Brown bag lunches overheating and possibly unsafe

by Deborah Braconnier report
Brown bag lunches overheating and possibly unsafe

In a new study published in Pediatrics, researchers reveal that more than 90 percent of the perishable food items found in the school lunches they tested had reached unsafe temperatures by the time they were to be eaten by children.

With the start of school quickly approaching, many parents are preparing to begin the daily ritual of making those famous brown bag lunches that they feel provide a healthy and safe meal for their while at school. Unfortunately this new study shows that these lunches may not be as healthy as some parents think. Even the use of ice packs was not enough to keep the foods from rising in temperature.

The study, led by Fawaz D. Almansour from the University of Texas at Austin, looked at lunches from 235 daycare children at nine different Texas locations on three random days between 9:30 and 11 a.m.

Out of a total of 705 lunches examined only 11.8 percent were kept refrigerated. Out of the lunches, 91 percent were sent in insulated plastic lunch bags but even these bags were not able to hold the temperature. The majority of the perishable reached near room temperature at an average of 63.7F. Out of a total 1361 perishable food items tested, only 22 items were in a safe temperature range below 39.2F.

Ice packs were not as much help as many parents think they are. A total of 61 perishable foods were packed in containers with ice packs and only five of these stayed in the proper temperature range.

Unfortunately, even those lunches stored in the were not safe from . A total of 458 perishable items were stored in the refrigerator in their insulated lunch bags, but only four items were within the safe temperature range. Researchers believe this has to do with how long items may have been left out at room temperature before being placed in the refrigerator or that the insulated bags were keeping the cooler temps out.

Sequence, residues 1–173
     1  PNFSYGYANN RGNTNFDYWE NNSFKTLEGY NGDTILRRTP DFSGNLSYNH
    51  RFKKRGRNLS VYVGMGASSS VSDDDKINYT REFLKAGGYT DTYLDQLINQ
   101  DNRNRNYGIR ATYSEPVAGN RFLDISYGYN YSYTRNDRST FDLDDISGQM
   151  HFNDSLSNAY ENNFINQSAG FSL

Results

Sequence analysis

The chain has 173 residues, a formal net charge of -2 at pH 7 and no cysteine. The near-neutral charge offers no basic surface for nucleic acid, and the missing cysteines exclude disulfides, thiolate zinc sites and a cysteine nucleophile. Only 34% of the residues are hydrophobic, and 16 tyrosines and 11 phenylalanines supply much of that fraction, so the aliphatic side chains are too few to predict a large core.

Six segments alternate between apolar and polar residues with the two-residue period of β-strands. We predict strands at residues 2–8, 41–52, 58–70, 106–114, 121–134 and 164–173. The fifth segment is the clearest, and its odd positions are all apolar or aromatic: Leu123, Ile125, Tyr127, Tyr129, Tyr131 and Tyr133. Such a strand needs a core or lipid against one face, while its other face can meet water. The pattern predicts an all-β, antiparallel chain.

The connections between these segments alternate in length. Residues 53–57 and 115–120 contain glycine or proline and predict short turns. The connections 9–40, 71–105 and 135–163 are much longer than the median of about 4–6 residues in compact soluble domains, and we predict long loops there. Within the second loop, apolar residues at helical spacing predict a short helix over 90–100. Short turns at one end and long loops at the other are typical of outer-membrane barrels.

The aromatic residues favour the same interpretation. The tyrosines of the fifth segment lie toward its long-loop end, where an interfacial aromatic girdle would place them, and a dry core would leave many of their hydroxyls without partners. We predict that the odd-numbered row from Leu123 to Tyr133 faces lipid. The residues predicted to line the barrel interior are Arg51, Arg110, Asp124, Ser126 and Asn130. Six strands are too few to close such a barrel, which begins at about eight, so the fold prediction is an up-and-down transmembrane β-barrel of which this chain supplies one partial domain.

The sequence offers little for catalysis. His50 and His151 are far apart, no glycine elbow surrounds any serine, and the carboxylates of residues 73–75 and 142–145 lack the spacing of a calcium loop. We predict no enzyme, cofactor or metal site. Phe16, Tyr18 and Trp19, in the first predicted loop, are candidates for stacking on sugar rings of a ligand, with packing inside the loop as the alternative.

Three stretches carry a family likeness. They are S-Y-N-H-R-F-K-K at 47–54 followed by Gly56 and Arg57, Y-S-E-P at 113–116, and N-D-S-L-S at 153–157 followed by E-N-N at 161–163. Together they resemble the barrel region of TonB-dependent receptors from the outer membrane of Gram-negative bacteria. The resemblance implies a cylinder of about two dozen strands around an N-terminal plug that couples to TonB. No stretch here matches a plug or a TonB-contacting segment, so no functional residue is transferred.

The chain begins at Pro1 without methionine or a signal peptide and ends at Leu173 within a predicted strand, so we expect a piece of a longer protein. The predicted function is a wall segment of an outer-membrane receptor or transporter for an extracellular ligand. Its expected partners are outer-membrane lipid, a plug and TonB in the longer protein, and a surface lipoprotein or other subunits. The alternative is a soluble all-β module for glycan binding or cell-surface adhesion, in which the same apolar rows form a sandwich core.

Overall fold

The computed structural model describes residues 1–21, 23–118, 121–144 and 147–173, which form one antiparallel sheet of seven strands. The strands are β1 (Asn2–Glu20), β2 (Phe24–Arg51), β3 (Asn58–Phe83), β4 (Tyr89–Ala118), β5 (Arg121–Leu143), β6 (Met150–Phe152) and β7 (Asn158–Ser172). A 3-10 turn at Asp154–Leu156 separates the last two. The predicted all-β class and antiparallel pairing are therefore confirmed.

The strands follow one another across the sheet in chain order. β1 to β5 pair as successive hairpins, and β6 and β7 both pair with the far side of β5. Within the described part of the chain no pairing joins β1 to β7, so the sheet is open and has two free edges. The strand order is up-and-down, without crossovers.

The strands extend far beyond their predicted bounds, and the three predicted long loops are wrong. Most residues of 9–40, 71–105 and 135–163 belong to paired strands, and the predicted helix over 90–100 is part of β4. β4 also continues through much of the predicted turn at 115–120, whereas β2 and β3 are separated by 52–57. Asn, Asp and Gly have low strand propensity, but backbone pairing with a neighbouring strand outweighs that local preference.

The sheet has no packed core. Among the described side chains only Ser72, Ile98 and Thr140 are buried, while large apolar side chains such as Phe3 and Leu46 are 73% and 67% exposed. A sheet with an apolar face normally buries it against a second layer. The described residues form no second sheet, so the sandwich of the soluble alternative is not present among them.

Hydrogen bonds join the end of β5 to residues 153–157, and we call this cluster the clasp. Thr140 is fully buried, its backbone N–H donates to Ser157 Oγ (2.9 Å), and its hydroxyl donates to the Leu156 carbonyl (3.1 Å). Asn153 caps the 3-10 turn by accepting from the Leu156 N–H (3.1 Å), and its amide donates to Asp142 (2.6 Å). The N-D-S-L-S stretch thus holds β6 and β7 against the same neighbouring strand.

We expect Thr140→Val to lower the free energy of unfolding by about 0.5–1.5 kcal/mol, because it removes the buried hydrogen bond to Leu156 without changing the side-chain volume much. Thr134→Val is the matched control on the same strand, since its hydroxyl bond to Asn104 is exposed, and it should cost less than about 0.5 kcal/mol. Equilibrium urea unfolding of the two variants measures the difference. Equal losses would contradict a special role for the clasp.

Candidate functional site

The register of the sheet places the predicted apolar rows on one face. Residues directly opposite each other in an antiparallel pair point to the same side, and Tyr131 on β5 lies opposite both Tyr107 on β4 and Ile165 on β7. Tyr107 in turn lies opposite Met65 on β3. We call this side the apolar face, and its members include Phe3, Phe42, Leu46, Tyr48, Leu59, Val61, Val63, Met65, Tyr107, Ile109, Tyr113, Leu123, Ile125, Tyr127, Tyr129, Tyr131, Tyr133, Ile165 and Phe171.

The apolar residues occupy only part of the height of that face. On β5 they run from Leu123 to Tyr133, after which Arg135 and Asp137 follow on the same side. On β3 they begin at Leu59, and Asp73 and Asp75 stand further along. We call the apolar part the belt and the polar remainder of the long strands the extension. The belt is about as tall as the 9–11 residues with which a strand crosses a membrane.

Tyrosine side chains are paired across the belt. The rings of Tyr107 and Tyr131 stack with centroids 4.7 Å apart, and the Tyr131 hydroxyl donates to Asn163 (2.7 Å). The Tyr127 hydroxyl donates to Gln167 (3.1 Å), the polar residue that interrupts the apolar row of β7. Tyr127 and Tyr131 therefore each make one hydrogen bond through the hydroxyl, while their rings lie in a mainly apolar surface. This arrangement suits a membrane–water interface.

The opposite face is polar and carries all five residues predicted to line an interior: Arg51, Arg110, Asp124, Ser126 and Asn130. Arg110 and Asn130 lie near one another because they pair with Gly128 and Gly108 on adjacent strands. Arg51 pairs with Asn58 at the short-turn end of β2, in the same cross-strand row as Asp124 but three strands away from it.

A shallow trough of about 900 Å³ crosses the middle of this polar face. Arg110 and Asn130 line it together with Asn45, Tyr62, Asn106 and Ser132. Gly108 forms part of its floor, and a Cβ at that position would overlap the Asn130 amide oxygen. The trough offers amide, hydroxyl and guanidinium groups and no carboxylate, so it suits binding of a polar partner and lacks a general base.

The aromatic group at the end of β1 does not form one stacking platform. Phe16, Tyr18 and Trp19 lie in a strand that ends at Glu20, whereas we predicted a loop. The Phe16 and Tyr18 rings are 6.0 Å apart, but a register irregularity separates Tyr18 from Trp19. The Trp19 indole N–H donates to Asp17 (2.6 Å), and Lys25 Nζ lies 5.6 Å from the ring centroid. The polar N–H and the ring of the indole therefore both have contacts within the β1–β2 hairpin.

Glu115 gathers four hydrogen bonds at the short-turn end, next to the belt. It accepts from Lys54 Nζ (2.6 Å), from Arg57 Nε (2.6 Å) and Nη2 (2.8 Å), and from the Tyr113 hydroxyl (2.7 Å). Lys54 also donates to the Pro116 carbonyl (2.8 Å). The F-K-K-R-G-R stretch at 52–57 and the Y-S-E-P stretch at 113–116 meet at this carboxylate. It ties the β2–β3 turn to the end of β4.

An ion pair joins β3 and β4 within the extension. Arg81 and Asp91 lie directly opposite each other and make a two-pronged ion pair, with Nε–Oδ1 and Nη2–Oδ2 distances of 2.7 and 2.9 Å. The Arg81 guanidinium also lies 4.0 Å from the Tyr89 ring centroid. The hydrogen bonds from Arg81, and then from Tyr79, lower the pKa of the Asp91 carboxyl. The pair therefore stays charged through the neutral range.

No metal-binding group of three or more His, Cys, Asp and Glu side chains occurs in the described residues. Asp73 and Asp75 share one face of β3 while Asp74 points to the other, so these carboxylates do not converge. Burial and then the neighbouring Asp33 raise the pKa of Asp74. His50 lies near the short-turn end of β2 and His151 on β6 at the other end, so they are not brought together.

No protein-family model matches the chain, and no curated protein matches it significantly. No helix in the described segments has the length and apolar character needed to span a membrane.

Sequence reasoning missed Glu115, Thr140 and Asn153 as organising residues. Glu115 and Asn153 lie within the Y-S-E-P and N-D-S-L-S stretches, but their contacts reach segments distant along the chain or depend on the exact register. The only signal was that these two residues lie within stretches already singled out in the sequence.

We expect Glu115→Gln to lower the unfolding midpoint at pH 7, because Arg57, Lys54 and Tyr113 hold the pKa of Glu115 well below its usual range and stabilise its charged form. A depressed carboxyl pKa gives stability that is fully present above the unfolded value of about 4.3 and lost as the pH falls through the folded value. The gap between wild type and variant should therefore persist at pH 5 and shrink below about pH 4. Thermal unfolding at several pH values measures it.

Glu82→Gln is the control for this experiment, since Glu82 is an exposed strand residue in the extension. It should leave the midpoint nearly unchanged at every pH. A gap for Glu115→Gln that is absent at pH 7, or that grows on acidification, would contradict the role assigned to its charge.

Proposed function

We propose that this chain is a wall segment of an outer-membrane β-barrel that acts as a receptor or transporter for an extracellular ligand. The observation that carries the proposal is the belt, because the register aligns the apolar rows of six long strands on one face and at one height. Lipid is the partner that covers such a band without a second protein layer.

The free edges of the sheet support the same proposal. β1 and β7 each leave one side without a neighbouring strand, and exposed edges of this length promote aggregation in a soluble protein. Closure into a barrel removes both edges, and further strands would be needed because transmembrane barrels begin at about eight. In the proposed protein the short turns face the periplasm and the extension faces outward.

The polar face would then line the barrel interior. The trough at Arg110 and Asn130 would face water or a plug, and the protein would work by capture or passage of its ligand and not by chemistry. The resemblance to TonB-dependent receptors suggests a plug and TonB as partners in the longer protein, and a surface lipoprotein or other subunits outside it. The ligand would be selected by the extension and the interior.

The researchers point out that the time that these temperatures were taken was at least 1.5 hours before the children were set to eat their lunch, meaning the temperatures are probably warmer when the children actually get to eat.

According to the U.S. Centers for Disease Control and Prevention, all perishable foods kept at temperatures above 40F should be thrown away after two hours. This shows that the majority of lunches being sent to school with children are unsafe by the time they get to eat it.

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adamindc
4.7 / 5 (3) Aug 09, 2011
Yeah, because this was never a "problem" in the past. I'm sure we were about to have an epidemic of dead brown baggers this year.
Jordian1
5 / 5 (2) Aug 09, 2011
I was under the impression that food temperatures were only a problem over a longer period, like 8 hrs. I highly doubt anything is going to grow in your food in the 4 hrs between making your lunch and eating it. Besides, your body is built to withstand a ton of stuff. People 100 years ago used to eat rotten meat flavored with salt.
axemaster
5 / 5 (4) Aug 09, 2011
Wow. So terrifying!

*Chomps on day-old pasta*

Man, you'd think people were made of glass, the way this article sounds. So pitiful.
Techno1
4.2 / 5 (5) Aug 09, 2011
Yeah, this is kinda ridiculous.

A bagged lunch isn't going to become infected by anything that wasn't already there, regardless of temperature.

In order to get inside a rolled brown bag, it would need to be airbourne, which would have infected the children anyway.

There is also something to be said for the statement, "Whatever doesn't kill you makes you stronger."